VMSA-2021-0020: Questions & Answers

Introduction

VMware has released patches that address a new critical security advisory, VMSA-2021-0020. This needs your immediate attention if you are using vCenter Server (if you didn’t get an email about it, please subscribe to our Security Advisories mailing list). In most cases a security advisory is straightforward, but sometimes there are nuances that are worth extra discussion. That is the case here, and the goal of this post is to help you decide your course forward.

First, if you haven’t read the original advisory or are a returning visitor here are some links to the different resources available:

This questions & answers document will be updated as new information develops.

Questions & Answers

Who is affected?

The VMware Security Advisory will always list the specific supported products and versions that are affected. In this case it is vCenter Server 6.5, 6.7, and 7.0.

When do I need to act?

Immediately, the ramifications of this vulnerability are serious.

With the threat of ransomware looming nowadays the safest stance is to assume that an attacker may already have control of a desktop and a user account through the use of techniques like phishing or spearphishing, and act accordingly. This means the attacker may already be able to reach vCenter Server from inside a corporate firewall, and time is of the essence.

Organizations that practice change management using the ITIL definitions of change types would consider this an “emergency change.” All environments are different, have different tolerance for risk, and have different security controls & defense-in-depth to mitigate risk, so the decision on how to proceed is up to you. However, given the severity, we strongly recommend that you act.

Why do I need to act?

The VMSA outlines several issues that are resolved in this patch release. The most urgent addresses CVE-2021-22005, a file upload vulnerability that can be used to execute commands and software on the vCenter Server Appliance. This vulnerability can be used by anyone who can reach vCenter Server over the network to gain access, regardless of the configuration settings of vCenter Server.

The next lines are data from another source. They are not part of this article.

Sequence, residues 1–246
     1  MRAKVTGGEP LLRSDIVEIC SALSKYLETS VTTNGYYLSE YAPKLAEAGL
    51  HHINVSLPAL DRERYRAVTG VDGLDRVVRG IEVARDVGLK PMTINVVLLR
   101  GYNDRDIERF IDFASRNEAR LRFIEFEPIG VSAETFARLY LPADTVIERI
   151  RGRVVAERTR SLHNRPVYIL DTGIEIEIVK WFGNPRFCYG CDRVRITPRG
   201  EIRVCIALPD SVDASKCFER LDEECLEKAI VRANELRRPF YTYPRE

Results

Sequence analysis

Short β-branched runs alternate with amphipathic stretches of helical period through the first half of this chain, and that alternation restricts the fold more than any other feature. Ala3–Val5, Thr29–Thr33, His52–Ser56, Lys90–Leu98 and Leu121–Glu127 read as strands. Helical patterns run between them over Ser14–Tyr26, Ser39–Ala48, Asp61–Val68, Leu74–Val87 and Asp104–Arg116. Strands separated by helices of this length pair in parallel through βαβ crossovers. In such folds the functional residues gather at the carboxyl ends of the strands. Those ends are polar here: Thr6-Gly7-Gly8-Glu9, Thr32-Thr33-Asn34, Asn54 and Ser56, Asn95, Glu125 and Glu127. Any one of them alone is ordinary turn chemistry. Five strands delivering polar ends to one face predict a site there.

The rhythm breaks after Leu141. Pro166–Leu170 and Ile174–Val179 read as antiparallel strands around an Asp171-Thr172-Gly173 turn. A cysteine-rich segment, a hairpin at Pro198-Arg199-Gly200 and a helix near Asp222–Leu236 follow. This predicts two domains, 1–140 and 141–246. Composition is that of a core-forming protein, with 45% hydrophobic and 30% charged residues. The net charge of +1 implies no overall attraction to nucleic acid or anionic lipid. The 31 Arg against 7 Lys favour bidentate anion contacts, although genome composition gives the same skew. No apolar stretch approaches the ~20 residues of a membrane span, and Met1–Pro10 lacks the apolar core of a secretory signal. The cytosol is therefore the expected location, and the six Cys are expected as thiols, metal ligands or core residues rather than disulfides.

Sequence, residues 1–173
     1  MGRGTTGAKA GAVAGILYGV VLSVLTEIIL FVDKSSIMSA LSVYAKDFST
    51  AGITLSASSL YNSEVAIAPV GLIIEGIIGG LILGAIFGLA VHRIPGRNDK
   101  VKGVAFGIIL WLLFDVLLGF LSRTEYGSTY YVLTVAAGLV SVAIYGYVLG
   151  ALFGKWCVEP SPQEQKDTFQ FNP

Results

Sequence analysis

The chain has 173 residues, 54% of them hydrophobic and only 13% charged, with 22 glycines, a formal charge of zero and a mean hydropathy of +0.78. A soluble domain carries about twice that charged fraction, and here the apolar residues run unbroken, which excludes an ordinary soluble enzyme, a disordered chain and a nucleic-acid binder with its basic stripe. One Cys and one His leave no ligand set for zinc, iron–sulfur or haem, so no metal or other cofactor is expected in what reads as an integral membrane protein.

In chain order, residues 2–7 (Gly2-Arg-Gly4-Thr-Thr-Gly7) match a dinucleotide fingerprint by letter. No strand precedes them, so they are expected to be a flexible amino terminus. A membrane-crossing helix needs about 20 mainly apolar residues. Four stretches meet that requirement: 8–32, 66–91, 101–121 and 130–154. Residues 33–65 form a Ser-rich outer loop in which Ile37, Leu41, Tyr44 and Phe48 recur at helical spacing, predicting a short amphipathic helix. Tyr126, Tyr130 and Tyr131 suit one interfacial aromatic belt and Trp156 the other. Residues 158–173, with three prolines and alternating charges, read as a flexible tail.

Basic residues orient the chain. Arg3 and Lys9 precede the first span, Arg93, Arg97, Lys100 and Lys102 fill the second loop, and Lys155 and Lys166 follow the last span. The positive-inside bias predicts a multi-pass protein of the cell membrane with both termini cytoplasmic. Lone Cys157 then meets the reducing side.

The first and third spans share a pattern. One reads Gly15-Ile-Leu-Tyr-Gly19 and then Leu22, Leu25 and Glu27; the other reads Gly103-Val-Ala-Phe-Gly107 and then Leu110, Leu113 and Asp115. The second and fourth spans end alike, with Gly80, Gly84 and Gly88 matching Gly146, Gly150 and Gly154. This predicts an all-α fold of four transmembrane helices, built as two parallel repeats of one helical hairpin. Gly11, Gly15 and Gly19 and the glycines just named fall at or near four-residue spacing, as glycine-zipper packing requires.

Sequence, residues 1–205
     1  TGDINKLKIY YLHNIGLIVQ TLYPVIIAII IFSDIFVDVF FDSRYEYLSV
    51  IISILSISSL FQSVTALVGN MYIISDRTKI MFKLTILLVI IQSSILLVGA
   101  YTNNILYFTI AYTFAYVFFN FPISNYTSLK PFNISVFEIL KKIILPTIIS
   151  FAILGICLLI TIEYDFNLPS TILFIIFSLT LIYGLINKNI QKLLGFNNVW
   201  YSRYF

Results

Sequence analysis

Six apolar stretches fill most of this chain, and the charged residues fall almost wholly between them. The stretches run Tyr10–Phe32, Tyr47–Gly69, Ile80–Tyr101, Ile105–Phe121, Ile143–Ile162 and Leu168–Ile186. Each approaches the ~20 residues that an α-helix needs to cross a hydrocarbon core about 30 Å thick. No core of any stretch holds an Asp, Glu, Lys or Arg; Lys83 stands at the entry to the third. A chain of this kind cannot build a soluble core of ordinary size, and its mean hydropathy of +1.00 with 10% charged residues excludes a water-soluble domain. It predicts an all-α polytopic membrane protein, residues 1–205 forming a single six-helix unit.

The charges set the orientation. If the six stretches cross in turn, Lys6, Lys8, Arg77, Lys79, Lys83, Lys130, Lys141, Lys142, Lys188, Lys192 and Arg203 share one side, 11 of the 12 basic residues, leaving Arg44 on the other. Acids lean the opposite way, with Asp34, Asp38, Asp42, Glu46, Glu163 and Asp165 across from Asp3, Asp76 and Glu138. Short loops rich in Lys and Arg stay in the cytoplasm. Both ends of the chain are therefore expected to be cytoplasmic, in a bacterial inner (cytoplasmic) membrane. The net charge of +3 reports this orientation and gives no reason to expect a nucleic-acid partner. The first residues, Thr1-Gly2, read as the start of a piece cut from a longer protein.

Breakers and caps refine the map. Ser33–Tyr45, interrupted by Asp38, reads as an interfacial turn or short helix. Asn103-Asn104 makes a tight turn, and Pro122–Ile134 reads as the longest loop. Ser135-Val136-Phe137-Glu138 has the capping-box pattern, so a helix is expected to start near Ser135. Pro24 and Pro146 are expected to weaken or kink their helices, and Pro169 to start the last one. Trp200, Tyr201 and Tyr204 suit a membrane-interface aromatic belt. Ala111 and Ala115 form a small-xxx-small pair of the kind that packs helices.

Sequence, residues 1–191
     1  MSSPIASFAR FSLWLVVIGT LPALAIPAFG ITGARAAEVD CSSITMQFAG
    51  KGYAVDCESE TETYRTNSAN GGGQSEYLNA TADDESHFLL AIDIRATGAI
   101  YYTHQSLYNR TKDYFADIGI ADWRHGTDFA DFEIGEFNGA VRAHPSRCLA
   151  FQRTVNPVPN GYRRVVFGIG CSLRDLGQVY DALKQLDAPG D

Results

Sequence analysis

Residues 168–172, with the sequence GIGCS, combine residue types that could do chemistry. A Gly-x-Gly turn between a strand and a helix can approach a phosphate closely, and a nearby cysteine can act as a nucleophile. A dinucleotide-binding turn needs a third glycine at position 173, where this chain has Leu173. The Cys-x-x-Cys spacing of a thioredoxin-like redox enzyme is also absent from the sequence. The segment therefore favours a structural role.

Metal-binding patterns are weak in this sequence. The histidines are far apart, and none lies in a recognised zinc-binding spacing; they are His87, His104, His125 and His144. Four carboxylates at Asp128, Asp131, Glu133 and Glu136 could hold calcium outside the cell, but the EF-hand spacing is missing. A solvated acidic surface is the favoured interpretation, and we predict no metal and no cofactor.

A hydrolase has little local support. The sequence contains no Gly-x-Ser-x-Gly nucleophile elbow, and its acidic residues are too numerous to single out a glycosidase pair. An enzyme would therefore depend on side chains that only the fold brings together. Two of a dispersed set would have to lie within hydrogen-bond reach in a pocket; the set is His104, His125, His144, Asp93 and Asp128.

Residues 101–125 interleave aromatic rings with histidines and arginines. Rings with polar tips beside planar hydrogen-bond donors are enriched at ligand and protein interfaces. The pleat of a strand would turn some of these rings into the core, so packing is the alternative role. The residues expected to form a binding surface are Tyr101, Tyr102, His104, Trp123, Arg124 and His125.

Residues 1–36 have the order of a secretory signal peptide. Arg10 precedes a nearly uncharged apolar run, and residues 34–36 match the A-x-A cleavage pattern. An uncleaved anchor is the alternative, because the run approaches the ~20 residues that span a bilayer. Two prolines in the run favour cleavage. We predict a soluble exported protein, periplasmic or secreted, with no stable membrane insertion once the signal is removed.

The other issues have lower CVSS scores but still may be usable to an attacker that is already inside your organization’s network. One of the biggest problems facing IT today is that attackers often compromise a desktop and/or user account on the corporate network, and then patiently & quietly use that to break into other systems over long periods of time. They steal confidential data, intellectual property, and at the end install ransomware and extort payments from their victims. Less urgent security vulnerabilities can still be potential tools in the hands of attackers, so VMware always recommends patching to remove them.

Most organizations employ good security strategies, such as defense-in-depth, zero trust and isolation, good password & account hygiene, etc. and these tactics help immensely when a security vulnerability is disclosed.

A remote code execution (RCE) vulnerability is where an attacker who can reach the affected software over the network (in this case vCenter Server) can execute commands on it and bypass the security controls in place. This leaves perimeter firewall controls, and vCenter Server VAMI firewall controls, as the last line of defense against this issue until it is remediated.

Organizations who have placed their vCenter Servers on networks that are directly accessible from the Internet may not have that line of defense and should audit their systems for compromise. They should also take steps to implement more perimeter security controls (firewalls, ACLs, etc.) on the management interfaces of their infrastructure.

Organizations who do have perimeter security controls on their virtualization infrastructure management interfaces may still be in jeopardy. Ransomware gangs have repeatedly demonstrated to the world that they are able to compromise corporate networks while remaining extremely patient, waiting for a new vulnerability in order to attack from inside a network. This is not unique to VMware products, but it does inform our suggestions here. Organizations may want to consider additional security controls and isolation between their IT infrastructure and other corporate networks as part of an effort to implement modern zero-trust security strategies.

What should I do to protect myself?

First, check the VMSA to ensure you are running an affected version of vCenter Server. Organizations that updated to vCenter Server 7.0 Update 2c, for instance, may not be vulnerable to the critical vulnerability.

If you can patch vCenter Server, do it. In general, this is the fastest way to resolve this problem, doesn’t involve editing files on the vCenter Server Appliance (VCSA), and removes the vulnerabilities completely. Patching also carries less technical debt and less risk than using a workaround.

If you can’t patch right away there are workarounds linked from the VMSA for the critical vulnerability, but only the critical vulnerability. This involves editing a text file on the VCSA and restarting services and is documented as part of the VMSA link above.